A welcome sign of spring approaching, snowdrops (Galanthus spp.) pop up in mid- to late winter and begin blooming in late winter to early spring, often when there is still snow on the ground. Their dainty, nodding, white flowers look lovely with hellebores (Helleborus spp.) and other early bloomers. They self-sow readily and can form large patches in shaded borders and woodland gardens. The plants die back to the underground bulbs in late spring. Snowdrops are reportedly hardy in USDA Hardiness Zones 4 to 8.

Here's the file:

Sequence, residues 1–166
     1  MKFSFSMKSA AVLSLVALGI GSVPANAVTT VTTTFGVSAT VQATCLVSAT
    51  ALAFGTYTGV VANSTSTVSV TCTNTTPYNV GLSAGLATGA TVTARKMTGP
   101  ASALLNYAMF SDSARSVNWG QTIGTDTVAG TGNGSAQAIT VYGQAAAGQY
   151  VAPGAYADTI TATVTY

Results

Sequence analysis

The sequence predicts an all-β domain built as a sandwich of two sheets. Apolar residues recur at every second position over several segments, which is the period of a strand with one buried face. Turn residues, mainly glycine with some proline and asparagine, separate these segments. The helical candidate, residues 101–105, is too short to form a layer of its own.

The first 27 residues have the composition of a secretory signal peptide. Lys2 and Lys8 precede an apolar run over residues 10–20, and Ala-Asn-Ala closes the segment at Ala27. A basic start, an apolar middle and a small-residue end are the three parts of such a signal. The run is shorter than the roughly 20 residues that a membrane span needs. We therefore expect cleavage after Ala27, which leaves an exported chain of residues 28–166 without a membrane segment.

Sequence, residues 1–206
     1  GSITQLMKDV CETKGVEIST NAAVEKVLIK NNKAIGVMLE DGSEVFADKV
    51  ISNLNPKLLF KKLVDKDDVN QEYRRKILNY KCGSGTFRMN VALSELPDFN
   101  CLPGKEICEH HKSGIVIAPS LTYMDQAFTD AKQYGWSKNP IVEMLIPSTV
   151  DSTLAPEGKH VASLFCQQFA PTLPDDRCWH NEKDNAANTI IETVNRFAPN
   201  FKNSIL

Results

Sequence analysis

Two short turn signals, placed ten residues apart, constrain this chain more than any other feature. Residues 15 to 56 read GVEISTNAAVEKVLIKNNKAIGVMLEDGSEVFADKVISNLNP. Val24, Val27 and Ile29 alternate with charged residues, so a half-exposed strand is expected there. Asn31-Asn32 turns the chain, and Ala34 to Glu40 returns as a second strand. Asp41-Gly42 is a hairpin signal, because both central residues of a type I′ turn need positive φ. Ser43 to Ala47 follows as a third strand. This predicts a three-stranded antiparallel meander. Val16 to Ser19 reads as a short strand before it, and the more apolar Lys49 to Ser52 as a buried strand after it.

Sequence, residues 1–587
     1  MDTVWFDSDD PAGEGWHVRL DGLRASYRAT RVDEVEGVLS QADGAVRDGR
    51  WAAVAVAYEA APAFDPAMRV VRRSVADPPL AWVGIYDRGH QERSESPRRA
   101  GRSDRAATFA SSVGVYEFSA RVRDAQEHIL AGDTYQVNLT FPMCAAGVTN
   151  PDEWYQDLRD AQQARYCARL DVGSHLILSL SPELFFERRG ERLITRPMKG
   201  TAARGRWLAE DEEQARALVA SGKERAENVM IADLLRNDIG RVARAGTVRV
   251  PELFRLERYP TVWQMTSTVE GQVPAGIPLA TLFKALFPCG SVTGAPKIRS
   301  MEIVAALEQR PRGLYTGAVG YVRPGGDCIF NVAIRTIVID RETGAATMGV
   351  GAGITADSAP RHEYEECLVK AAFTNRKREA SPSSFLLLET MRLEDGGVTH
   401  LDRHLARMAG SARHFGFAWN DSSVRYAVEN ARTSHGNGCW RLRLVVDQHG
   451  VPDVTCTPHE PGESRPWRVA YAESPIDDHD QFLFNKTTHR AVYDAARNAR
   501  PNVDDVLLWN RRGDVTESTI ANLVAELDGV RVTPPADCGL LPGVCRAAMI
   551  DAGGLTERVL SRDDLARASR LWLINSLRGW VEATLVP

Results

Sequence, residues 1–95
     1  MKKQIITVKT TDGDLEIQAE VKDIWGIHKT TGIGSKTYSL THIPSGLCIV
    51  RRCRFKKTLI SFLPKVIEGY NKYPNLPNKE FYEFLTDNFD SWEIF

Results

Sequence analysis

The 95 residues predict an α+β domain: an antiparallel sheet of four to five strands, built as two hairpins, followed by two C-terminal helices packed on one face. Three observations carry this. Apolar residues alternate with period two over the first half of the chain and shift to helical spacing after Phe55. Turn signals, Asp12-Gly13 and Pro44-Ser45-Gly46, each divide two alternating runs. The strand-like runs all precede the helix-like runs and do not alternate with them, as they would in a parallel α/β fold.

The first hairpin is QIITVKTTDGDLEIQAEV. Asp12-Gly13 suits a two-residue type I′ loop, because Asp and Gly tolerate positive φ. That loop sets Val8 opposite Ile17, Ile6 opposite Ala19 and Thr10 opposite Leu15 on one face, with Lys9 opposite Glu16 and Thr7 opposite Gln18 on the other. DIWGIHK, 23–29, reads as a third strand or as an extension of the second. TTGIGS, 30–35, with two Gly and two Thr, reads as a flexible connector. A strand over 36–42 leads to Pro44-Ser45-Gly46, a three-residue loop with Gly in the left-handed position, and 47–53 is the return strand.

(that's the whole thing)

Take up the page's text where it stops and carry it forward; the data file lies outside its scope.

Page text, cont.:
I collected these seeds in the last week of May 2020. They are most likely from typical Galanthus nivalis, but there may be other forms or species mixed in. (I wasn’t expecting to be able to collect seeds, so I didn’t keep track of which plants were where.) Each packet contains at least 30 seeds, packed in moist coir and stored warm (around 72°F). I will have these seeds available only in June and July, because it is so important for them to be sown fresh.